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Longmont voter guide: What you need to know for the 2020 election

How to cast your ballot, when to vote and everything else you need to know to have your voice heard in November.
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Many decisions have been made in 2020, and many more are to come, including who to vote for in the upcoming election. This voter guide will provide the residents of Longmont with instructions on where to register to vote, how to vote and information on candidates. If you have questions that are not answered here, please email us at info@longmontleader.com. We'll be updating throughout the election season.

How to register to vote

Voters can register online with a valid Colorado driver’s license or ID Card. Those without either form of identification or who prefer a paper option can print and fill out the Colorado Voter Registration Form and mail it to Colorado Department of State, Elections Division, 1700 Broadway, Suite 200, Denver, CO 80290 or scan the signed form and email it to the county clerk and recorder:

Boulder County Clerk and Recorder, Molly Fitzpatrick

Weld County Clerk and Recorder, Carly Koppes

When to register to vote

Colorado allows for voters to register until 7 p.m. on Election Day. However if voters would like to receive a ballot in the mail, the deadline to register is Oct. 26. Voters are also encouraged to review and update their information prior to the Oct. 26 deadline to receive a mail ballot.

Who is eligible to register to vote

  • You must meet the following requirements to register to vote:
  • are a United States citizen
  • are 16 years old, but you must be at least 17 to vote in a primary election if you will be 18 on or before the next general election
  • are 16 years old, but you must be at least 18 to vote in any other election
  • are a Colorado resident for at least 22 days immediately before the election you intend to vote in
  • are not currently serving a term of imprisonment for a felony conviction

    Those arrested for or convicted of a crime are eligible to register to vote if they:
  • are on probation for either a misdemeanor or felony
  • are a pretrial detainee awaiting trial;
  • are currently in jail serving a misdemeanor sentence only; OR
  • are no longer serving a term of imprisonment due to a felony conviction.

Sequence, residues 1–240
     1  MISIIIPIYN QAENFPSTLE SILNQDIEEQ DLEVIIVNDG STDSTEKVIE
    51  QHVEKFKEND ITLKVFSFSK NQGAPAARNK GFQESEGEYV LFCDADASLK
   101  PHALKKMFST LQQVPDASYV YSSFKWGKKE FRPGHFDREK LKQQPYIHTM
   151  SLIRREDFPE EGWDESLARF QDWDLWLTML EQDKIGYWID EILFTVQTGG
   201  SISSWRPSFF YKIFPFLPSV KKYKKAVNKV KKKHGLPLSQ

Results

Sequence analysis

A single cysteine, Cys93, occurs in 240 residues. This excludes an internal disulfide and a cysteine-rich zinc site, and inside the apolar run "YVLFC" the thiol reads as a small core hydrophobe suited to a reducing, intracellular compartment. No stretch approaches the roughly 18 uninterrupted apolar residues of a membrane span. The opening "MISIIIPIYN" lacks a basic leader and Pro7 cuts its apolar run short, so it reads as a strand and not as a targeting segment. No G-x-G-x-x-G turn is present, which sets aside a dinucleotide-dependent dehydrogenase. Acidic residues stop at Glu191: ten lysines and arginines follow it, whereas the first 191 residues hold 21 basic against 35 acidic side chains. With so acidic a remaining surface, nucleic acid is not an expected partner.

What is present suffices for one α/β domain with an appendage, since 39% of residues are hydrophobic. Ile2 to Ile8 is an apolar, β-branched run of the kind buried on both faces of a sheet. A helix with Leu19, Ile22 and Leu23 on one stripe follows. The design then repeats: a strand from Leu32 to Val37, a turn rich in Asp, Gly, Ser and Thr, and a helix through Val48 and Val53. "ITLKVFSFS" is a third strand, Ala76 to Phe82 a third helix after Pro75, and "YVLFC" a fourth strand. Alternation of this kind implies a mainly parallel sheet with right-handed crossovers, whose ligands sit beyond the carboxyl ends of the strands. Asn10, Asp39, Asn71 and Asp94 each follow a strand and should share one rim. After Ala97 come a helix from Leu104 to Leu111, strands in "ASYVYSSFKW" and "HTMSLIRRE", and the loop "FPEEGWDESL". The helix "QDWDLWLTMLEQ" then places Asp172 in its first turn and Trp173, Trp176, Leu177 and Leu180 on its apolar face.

• Colorado prefers that those registering have a Colorado driver’s license or an ID card issued by the Colorado Department of Revenue. If these nor a social security number can be provided the applicant may be required to provide an alternative acceptable form of identification.

How to cast your ballot

Mail in your ballot

Ballots are scheduled to be mailed out to ALL registered voters by Oct. 9.

Newly registered voters who complete the form at least eight days prior to the election, Oct. 26, will automatically receive a ballot in the mail.

 

IMG_20200918_100743943_HDRBoulder County Ballot box (Photo by Shona Campton)

 

Drop off your mailed ballot

Boulder and Weld County voters can drop their ballots in drop boxes. Find the locations here:

Boulder County drop box locations

Weld County drop box locations

Vote in person

In-person voting centers will open throughout Boulder and Weld counties starting Oct. 9. A current and valid ID is required.

Boulder County is offering a “ballot-to-go” option in which voters can have ballots delivered to their cars. Voters with updated registration information can call 720-440-7886 and follow the prompts to choose a time and location to pick up their ballot at a voter center. Officials are recommending that voters then fill out the the ballot in their cars and drop it in the drop box there.

Those who vote in person in Boulder County must wear a mask and practice social distancing.

How to know your ballot is being processed

Weld and Boulder Counties participate in Ballottrax, which allows you to track your ballot once you drop it in the mail or a ballot box. To register or login, click here for Boulder County and here for Weld County.

What’s on your ballot

You can look up your exact ballot here, so you can see ahead of time what choice you’ll have to make.

Other voter resources

Voter registration FAQ

Boulder County Sample Ballot

Weld County Sample Ballot

League of Women Voters information

Colorado Voter Guide from the Colorado News Collaborative


Key races

Here's a rundown of key races and ballot questions. We'll do further exploration of these races, including Q&As with some candidates, throughout the election season, so check back.


Federal offices

U.S. Senate 

Cory Gardner (R, incumbent) Q&A

John W. Hickenlooper (D) Q&A

 

Republican incumbant Senator Cory Gardner is seeking reelection to serve a second term against Democratic former Governor John Hickenlooper. This race is one of the most watched across the nation as it may determine whether the Democrats take over the Senate in the 2020 election.